We present a rare occurrence of simultaneous bilateral free free-floating carotid thrombi. Early diagnosis and timely initiation of anticoagulation resulted in rapid recovery and prevented potentially catastrophic complications. Our report highlights the role of ultrasound imaging in diagnosis and longitudinal follow-up of patients with carotid thrombi.

Financial support and sponsorship

Nil.

Conflicts of interest

There are no conflicts of interest.



 
  References Top

1.
Buscaglia LC, Macbeth A. Bilateral carotid artery thrombosis in a young man. J Vasc Surg 1993;17:790-3.  Back to cited text no. 1
    
2.
Bhatti AF, Leon LR Jr, Labropoulos N, Rubinas TL, Rodriguez H, Kalman PG, et al. Free- floating thrombus of the carotid artery: Literature review and case reports. J Vasc Surg 2007;45:199-205.  Back to cited text no. 2
    
3.
Delgado MG, Vega P, Roger R, Bogousslavsky J. Floating thrombus as a marker of unstable atheromatous carotid plaque. Ann Vasc Surg 2011;25:1142.e11-7.  Back to cited text no. 3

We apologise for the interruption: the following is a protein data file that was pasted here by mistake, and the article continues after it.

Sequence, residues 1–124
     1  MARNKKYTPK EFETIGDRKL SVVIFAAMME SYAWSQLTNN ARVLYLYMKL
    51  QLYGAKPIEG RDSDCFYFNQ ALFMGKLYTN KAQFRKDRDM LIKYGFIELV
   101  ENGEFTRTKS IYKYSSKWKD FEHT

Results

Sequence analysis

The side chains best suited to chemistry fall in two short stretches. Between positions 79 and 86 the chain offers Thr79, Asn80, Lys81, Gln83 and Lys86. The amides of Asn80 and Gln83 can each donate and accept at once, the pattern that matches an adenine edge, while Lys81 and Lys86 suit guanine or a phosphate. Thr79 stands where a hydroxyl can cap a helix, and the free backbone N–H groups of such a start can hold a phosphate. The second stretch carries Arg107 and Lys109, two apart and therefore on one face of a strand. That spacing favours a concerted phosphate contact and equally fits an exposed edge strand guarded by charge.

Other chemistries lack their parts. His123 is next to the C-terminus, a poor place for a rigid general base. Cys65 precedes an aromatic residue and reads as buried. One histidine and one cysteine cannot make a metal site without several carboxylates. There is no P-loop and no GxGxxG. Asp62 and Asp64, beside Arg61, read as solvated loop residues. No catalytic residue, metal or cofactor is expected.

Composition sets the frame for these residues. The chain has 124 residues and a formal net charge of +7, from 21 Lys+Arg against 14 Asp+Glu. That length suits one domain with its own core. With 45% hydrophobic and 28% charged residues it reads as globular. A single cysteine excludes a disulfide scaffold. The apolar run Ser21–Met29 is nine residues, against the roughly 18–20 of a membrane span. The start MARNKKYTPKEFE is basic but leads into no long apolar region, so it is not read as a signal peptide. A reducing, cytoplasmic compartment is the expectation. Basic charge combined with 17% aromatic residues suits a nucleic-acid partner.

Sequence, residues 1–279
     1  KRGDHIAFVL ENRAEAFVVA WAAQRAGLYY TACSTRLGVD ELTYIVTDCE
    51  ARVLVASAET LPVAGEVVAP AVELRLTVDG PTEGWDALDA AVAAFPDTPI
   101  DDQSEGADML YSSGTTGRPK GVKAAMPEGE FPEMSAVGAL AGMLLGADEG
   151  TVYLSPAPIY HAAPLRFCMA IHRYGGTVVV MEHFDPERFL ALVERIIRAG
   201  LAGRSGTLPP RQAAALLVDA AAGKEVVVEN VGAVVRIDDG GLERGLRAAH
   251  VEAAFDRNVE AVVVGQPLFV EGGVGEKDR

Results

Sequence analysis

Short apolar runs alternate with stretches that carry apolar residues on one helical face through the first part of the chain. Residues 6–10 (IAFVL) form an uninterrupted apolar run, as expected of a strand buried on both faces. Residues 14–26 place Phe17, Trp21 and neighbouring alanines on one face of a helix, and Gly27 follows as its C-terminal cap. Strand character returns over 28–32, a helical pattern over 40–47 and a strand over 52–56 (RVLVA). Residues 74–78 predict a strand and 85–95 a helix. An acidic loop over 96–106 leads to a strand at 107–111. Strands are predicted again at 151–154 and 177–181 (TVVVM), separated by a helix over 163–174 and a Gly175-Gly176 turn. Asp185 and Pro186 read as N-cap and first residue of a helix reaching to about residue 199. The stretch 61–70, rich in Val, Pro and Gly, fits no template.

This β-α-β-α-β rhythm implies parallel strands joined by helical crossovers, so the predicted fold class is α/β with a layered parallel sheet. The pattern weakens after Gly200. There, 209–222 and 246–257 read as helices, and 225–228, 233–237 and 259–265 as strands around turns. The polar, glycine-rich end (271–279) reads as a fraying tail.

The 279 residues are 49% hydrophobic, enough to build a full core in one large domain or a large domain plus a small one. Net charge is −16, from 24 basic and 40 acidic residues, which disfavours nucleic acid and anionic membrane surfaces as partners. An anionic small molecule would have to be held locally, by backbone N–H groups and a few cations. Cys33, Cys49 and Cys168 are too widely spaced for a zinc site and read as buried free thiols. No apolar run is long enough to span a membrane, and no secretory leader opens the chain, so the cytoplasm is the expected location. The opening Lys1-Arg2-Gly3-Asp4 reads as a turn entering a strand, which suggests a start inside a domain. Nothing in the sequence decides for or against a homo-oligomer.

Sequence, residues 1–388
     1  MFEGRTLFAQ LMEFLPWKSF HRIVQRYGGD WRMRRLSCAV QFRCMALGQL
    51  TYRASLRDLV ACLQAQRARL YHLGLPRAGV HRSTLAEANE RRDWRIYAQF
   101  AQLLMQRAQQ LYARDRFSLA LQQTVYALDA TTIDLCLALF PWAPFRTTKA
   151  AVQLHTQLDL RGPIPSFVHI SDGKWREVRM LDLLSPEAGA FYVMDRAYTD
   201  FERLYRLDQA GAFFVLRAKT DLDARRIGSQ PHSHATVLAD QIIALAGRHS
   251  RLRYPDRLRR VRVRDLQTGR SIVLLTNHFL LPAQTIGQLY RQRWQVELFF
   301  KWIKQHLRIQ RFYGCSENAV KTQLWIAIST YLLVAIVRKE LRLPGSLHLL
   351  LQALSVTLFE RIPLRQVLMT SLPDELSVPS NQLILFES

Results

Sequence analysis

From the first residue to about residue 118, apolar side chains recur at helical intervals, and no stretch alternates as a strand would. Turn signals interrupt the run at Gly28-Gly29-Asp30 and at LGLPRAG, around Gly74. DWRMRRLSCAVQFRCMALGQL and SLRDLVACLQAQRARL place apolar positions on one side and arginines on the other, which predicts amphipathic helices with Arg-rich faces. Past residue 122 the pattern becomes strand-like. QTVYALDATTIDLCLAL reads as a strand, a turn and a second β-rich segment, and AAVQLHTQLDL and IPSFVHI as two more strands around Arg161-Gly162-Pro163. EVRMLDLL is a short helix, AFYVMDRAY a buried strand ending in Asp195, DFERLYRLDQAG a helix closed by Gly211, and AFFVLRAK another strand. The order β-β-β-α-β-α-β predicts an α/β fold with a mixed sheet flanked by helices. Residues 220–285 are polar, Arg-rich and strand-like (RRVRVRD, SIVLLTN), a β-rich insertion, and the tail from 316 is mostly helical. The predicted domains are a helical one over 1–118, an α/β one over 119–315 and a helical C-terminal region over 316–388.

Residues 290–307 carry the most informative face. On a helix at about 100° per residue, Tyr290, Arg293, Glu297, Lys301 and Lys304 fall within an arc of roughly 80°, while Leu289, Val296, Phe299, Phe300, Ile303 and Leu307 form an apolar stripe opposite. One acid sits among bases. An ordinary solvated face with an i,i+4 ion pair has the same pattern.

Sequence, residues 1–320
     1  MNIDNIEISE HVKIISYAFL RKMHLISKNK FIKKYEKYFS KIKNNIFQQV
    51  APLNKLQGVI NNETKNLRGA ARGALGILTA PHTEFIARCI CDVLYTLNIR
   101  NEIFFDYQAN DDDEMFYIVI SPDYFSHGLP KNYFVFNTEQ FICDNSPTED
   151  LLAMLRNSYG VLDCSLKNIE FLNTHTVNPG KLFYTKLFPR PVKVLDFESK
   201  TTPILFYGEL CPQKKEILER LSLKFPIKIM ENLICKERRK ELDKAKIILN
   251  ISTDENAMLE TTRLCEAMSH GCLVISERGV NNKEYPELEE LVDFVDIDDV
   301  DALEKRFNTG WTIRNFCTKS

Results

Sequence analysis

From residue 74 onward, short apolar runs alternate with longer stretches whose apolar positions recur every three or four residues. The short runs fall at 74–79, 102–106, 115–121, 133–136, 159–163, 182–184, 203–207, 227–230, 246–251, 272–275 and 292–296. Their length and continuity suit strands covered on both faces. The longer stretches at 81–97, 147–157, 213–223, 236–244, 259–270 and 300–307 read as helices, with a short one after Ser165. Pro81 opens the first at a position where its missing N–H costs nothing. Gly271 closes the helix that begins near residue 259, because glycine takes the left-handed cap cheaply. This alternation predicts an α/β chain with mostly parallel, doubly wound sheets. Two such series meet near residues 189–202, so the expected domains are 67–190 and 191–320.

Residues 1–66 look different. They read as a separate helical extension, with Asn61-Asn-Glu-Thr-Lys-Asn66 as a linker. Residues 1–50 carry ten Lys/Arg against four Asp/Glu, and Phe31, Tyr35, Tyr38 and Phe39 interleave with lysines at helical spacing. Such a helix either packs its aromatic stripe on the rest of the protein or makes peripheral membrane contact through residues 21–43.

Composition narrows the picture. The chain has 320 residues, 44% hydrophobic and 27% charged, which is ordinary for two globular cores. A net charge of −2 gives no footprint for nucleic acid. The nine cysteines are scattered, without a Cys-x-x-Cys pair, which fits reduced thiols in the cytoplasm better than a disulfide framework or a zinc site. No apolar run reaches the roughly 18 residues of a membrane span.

4.
Ferrero E, Ferri M, Viazzo A, Labate C, Pecchio A, Berardi G, et al. Free-floating thrombus in the internal carotid artery: Diagnosis and treatment of 16 cases in a single center. Ann Vasc Surg 2011;25:805-12.  Back to cited text no. 4
    
5.
Chua HC, Lim T, Teo BC, Phua Z, Eng J. Free-floating thrombus of the carotid artery detected on carotid ultrasound in patients with cerebral infarcts: A 10-year study. Ann Acad Med Singapore 2012;41:420-4.  Back to cited text no. 5
    
6.
Parodi JC, Rubin BG, Azizzadeh A, Bartoli M, Sicard GA. Endovascular treatment of an internal carotid artery thrombus using reversal of flow: A case report. J Vasc Surg 2005;41:146-50.  Back to cited text no. 6